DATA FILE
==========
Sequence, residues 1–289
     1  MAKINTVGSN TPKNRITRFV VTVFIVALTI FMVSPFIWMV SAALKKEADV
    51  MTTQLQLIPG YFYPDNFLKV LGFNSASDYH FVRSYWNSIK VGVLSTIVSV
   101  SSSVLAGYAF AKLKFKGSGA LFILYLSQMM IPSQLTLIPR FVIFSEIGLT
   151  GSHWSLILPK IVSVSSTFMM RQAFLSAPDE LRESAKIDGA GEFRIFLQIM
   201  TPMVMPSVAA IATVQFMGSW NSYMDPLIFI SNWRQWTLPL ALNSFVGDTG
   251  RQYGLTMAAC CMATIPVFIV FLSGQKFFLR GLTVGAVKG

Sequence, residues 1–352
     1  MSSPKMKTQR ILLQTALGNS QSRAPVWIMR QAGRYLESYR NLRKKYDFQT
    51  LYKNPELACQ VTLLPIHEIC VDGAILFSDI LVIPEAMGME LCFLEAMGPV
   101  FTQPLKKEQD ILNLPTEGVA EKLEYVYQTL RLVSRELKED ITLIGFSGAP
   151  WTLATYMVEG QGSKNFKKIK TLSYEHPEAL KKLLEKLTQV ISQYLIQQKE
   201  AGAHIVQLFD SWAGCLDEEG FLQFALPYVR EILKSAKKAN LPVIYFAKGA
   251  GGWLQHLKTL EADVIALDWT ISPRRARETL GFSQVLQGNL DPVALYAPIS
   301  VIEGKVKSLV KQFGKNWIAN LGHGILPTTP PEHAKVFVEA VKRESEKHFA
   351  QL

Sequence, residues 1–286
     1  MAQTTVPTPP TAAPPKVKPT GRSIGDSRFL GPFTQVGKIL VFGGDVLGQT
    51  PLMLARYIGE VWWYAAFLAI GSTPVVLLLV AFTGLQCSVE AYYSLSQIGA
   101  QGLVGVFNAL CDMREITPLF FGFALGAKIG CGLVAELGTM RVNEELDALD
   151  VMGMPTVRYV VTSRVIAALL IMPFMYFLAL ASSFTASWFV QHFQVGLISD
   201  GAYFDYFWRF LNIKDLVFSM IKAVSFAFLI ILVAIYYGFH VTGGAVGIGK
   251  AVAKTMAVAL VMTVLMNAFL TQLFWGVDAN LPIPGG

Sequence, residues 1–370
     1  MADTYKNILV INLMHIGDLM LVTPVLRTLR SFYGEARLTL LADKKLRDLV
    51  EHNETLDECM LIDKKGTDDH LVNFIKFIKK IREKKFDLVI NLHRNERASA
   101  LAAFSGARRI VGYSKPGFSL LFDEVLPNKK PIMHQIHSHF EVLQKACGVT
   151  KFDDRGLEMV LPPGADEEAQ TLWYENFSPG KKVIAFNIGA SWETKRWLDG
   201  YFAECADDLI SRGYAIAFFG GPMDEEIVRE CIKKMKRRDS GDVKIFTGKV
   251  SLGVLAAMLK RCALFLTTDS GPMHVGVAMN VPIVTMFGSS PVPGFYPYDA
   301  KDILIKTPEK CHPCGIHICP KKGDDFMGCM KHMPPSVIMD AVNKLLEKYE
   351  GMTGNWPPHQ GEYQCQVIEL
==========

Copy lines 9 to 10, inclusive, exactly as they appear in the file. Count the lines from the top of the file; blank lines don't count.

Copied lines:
     1  MSSPKMKTQR ILLQTALGNS QSRAPVWIMR QAGRYLESYR NLRKKYDFQT
    51  LYKNPELACQ VTLLPIHEIC VDGAILFSDI LVIPEAMGME LCFLEAMGPV